Dermatologists May Need Further Training in Identifying Depression

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The percentage of dermatologists recognizing signs of depression or anxiety, as assessed by HADS-value ≥11, was 44% for depression and 35.6% for anxiety.
The percentage of dermatologists recognizing signs of depression or anxiety, as assessed by HADS-value ≥11, was 44% for depression and 35.6% for anxiety.

HealthDay News — Dermatologists across Europe tend to underestimate mood disorders in their patients, according to a study published online Dec. 16 in the British Journal of Dermatology.

Florence J. Dalgard, from Lund University in Sweden, and colleagues estimated the agreement between clinical assessment of depression and anxiety by a dermatologist and patients' self-reported responses to the Hospital Anxiety and Depression Scale (HADS).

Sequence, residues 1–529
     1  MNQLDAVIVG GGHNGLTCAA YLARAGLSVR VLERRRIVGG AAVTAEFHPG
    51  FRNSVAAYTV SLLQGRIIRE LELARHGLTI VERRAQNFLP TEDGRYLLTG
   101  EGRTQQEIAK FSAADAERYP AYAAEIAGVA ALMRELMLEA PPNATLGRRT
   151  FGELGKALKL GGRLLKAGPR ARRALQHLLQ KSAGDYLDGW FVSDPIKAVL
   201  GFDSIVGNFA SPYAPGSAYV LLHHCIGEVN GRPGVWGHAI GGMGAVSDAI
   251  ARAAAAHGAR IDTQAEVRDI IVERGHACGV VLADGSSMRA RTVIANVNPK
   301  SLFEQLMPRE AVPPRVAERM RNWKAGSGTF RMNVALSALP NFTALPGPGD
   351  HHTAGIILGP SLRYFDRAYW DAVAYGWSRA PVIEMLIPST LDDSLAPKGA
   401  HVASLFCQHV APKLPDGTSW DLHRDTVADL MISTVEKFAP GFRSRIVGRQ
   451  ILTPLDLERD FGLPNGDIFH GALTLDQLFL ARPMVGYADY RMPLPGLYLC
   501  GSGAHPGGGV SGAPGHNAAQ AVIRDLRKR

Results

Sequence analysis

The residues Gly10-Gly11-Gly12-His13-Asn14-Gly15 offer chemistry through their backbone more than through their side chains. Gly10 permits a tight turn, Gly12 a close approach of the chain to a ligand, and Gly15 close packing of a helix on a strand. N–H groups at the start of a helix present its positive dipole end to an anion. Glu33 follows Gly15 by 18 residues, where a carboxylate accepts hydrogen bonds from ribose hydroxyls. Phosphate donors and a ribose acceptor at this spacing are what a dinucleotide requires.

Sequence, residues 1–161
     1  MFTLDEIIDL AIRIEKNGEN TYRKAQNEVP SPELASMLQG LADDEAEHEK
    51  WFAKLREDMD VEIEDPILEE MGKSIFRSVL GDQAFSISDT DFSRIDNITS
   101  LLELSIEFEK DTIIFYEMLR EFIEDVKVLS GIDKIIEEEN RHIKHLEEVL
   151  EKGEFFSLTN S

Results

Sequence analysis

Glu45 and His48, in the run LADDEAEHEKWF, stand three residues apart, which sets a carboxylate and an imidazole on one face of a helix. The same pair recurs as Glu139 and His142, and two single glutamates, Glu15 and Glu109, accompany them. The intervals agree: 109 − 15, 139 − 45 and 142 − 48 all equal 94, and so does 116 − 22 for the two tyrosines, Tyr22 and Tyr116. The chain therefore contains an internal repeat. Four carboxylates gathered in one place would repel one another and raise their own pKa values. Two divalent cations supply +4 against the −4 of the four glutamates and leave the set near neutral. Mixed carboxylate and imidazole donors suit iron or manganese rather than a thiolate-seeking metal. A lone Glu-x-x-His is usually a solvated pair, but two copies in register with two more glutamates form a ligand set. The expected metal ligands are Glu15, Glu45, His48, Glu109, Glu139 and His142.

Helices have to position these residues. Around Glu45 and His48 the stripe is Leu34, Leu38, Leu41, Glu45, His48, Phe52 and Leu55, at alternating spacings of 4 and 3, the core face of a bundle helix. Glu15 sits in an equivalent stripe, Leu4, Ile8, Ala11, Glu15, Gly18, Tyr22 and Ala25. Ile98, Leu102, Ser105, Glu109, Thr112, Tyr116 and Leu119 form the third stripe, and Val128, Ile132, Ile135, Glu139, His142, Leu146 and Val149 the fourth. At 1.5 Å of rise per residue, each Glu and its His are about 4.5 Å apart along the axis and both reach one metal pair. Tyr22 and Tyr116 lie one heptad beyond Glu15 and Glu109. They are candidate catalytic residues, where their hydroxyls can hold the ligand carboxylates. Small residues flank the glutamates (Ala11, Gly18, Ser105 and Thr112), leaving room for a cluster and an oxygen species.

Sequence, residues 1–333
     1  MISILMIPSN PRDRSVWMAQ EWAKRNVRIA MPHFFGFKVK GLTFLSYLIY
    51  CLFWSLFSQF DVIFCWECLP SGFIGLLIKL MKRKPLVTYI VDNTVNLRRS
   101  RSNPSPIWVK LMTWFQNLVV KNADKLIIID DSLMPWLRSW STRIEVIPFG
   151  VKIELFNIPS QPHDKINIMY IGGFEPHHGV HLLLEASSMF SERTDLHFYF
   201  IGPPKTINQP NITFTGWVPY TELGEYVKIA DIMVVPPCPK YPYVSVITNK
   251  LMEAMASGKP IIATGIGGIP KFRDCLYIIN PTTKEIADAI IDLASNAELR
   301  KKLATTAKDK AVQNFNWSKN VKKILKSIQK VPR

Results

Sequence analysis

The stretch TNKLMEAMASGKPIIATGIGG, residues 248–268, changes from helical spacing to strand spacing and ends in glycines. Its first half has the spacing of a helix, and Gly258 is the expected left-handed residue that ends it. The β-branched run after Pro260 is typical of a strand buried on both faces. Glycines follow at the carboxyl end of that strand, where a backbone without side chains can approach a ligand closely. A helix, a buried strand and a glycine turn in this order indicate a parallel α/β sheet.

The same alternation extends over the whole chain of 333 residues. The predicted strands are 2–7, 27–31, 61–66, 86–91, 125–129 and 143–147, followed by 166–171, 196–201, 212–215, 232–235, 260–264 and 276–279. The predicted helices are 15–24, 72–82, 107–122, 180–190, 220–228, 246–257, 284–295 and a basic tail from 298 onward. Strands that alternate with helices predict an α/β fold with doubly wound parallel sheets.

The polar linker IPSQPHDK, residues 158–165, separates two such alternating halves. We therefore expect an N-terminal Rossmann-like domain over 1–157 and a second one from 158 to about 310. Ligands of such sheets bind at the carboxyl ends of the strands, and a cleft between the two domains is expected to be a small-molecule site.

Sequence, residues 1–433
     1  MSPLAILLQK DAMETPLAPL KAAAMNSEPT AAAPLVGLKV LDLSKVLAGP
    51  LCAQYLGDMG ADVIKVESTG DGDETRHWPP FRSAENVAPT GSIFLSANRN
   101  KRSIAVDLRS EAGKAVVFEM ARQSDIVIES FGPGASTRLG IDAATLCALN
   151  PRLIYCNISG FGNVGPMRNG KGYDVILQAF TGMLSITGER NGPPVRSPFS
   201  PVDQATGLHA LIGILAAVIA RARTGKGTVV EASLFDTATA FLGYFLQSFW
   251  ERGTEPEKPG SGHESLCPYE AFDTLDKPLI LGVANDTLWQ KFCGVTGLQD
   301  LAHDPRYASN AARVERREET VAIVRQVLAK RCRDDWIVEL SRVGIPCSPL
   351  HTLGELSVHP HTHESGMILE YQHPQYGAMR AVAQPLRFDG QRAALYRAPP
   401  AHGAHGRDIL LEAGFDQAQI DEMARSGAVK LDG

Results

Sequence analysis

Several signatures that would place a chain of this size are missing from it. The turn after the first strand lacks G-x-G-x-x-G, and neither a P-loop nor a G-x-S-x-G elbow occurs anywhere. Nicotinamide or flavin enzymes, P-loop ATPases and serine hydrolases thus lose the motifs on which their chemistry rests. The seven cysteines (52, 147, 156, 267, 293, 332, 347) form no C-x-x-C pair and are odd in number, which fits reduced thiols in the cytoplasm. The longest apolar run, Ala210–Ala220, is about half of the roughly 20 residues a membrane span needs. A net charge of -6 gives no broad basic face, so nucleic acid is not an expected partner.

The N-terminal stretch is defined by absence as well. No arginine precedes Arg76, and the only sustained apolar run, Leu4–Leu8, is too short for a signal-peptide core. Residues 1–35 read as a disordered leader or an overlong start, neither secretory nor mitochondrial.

Based on data from 3635 patient consultations, the researchers found that the agreement between dermatologist and HADS was poor to fair for all categories. The percentage of dermatologists recognizing signs of depression or anxiety, as assessed by HADS-value ≥11, was 44% for depression and 35.6% for anxiety, while 56% of dermatologists did not detect depression in nondepressed patients and 64.4%  did not detect anxiety in nonanxious patients.

"The results point out that further training for dermatologists to improve their skills in diagnosing depression and anxiety might be appropriate," the authors wrote. "The psychological suffering of dermatological patients needs to be addressed when present."

Reference

Dalgard FJ, Svensson A, Gieler U, et al. Dermatologists across Europe underestimate depression and anxiety: results from 3635 dermatological consultations [published online December 16, 2017]. Br J Dermatol. doi:10.1111/bjd.16250

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